NO ALERTS ISSUED
On Holy Thursday in 2005, the Rev. Gerald Ruane concelebrated Mass at St. Joseph’s Shrine in Stirling. Weeks later, he appeared in vestments in a TV interview from Rome after Pope John Paul II’s death.
The problem was, Ruane wasn’t supposed to appear in public as a priest. And few people seemed to know of that restriction.
In 2004, the archdiocese permanently barred Ruane from ministry after investigating accusations by at least two minors. One, Michael Iatesta, said Ruane molested him throughout his adolescence. Ruane denied the allegations.
Upon learning of Ruane’s subsequent public appearances, Iatesta complained to church officials, who privately reprimanded the priest, according to the archdiocese. But Iatesta and SNAP officials said the archdiocese should have informed the public of the restrictions.
In March 2006, Myers changed his policy on alerting parishioners about investigations, saying he would alert parishioners when a pastor was permanently barred from ministry over sex allegations. At the time, a Star-Ledger review of policies in New Jersey’s four other dioceses showed Myers was the only one not already doing that.
SNAP praised the announcement of the change.
Four months later, the archbishop had to decide whether to alert a different parish about a different priest, the Rev. Daniel Medina.
Medina had pleaded guilty to child endangerment and was sentenced to three months’ probation. He admitted in court that he "inappropriately placed a young boy on (his) lap."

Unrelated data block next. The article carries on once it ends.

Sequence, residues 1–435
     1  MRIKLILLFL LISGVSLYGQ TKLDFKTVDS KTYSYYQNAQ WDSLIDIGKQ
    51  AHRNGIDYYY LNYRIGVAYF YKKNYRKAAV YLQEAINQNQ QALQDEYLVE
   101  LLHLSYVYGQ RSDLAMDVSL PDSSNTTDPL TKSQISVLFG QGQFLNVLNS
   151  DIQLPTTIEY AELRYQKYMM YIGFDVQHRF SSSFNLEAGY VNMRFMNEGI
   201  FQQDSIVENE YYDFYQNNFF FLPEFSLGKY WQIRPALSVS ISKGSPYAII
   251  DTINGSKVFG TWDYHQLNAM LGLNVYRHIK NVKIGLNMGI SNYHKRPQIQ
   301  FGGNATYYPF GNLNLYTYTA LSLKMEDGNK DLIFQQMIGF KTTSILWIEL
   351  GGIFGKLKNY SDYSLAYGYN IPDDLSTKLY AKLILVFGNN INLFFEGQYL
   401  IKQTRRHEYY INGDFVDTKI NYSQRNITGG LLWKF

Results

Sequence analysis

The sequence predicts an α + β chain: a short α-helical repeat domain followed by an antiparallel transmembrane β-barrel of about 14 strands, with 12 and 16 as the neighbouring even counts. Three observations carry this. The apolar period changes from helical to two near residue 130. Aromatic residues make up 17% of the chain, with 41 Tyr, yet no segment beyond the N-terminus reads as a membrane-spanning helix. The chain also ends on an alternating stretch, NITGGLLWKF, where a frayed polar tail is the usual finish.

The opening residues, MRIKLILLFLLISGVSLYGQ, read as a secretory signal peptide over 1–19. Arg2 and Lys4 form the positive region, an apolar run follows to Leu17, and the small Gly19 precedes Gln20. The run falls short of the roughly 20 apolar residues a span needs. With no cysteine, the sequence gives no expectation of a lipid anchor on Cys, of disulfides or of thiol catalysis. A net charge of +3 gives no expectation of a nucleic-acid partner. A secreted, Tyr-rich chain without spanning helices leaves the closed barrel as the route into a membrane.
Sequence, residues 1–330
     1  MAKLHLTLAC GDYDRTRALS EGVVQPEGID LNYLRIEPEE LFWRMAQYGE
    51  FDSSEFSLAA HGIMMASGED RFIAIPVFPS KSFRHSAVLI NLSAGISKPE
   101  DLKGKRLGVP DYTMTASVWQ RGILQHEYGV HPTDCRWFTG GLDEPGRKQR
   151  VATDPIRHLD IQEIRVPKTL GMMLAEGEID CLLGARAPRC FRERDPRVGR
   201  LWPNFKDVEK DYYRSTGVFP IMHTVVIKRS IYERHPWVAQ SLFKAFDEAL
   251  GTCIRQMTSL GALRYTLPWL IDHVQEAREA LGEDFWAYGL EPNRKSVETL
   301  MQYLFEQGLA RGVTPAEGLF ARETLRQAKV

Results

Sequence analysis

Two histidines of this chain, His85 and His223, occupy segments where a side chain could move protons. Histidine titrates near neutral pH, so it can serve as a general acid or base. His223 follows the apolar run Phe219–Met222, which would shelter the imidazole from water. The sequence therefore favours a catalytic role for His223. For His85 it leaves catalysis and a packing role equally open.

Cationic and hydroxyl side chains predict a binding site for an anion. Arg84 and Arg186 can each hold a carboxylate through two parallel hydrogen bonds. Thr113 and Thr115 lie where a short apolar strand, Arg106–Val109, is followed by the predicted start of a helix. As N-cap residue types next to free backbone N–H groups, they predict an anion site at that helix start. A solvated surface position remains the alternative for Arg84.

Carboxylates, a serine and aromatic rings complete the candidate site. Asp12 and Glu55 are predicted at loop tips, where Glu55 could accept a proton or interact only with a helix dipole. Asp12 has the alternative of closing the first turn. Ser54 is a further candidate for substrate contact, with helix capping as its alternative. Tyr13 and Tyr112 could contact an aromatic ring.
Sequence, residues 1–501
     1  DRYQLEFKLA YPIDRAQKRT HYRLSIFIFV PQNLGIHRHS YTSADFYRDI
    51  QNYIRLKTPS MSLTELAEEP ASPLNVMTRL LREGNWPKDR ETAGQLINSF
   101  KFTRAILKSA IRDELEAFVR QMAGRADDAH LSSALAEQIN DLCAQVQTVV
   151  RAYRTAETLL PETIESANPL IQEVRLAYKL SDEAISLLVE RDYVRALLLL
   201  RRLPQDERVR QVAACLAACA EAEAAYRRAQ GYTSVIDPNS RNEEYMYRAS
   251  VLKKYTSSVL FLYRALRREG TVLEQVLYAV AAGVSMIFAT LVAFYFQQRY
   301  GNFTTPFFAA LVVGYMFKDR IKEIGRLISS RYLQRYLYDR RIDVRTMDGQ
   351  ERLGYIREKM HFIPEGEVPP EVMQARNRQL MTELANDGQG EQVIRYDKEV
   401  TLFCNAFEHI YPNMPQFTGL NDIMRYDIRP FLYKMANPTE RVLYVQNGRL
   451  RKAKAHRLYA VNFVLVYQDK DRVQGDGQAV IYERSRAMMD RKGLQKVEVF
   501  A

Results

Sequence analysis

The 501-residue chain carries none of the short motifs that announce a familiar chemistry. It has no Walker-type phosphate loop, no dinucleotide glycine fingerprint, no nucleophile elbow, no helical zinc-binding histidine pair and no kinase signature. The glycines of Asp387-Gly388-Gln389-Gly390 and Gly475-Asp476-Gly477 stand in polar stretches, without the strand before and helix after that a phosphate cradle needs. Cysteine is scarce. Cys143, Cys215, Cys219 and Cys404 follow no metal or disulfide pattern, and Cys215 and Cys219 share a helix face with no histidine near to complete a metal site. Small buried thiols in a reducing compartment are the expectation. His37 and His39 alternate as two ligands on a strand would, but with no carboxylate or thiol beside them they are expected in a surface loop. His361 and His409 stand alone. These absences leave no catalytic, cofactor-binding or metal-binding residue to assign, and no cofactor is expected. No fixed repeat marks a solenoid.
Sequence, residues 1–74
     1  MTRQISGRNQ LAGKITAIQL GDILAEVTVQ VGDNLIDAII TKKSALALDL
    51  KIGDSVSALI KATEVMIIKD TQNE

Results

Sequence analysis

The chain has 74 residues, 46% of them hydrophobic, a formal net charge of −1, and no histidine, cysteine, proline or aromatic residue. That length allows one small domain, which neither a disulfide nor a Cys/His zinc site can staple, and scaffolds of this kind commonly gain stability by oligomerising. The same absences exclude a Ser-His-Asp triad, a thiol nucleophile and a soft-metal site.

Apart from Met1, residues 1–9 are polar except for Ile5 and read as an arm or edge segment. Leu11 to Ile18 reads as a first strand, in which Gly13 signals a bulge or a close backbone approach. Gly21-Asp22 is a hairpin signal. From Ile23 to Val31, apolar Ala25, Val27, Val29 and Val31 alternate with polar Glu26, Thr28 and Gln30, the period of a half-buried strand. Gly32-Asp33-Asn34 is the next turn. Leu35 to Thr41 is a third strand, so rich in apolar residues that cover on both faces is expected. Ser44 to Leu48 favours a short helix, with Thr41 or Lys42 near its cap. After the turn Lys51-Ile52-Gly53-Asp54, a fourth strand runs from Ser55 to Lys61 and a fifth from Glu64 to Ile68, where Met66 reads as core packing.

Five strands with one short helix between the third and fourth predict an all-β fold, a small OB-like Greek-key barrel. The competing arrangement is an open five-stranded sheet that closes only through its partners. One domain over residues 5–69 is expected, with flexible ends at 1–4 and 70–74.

The boy had alleged in 2004 that Medina had oral sex with him, when he was 8, in the sacristy of Blessed Sacrament Church in Elizabeth. The prosecutor, John Esmerado, said he told the archdiocese the plea bargain reflected his desire to avoid making the child testify, rather than from any weakness in the initial charge.
The archdiocese failed to alert parishioners in 2006 when Medina pleaded guilty, in 2007 when its review board deemed the accusation credible, or in 2008 when it alerted Catholic bishops nationwide that it had barred Medina from ministry and couldn’t locate him. SNAP eventually obtained that alert in September 2008 and publicized it.
Asked at the time why Myers hadn’t notified parishioners, Goodness said, "This is being done on our schedule."
In April 2005, Gorak changed his name to Walter Fisher, six months after he assaulted the Florida woman and one month before his arrest. At the deposition in November 2009, Myers said the archdiocese did not know about Gorak’s name change until after the fact.
"It was inappropriate for him to do so without my permission," Myers said. "His bishop in Poland or whichever diocese he had been ordained (in) should have been notified so that the ordination register could be changed to reflect this legal change."
The attorney taking Myers’ deposition then asked if Gorak, by changing his name, had violated his oath of obedience to Myers.
"I don’t know if I would go that far," Myers said, "but it was inappropriate because it introduced a confusion into sacramental record-keeping."